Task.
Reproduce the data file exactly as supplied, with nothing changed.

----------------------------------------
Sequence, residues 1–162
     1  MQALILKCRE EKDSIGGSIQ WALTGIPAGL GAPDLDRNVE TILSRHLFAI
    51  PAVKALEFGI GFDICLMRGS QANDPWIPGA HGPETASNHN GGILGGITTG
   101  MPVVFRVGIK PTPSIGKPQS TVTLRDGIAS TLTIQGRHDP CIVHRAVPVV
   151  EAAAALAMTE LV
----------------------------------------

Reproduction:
Sequence, residues 1–162
     1  MQALILKCRE EKDSIGGSIQ WALTGIPAGL GAPDLDRNVE TILSRHLFAI
    51  PAVKALEFGI GFDICLMRGS QANDPWIPGA HGPETASNHN GGILGGITTG
   101  MPVVFRVGIK PTPSIGKPQS TVTLRDGIAS TLTIQGRHDP CIVHRAVPVV
   151  EAAAALAMTE LV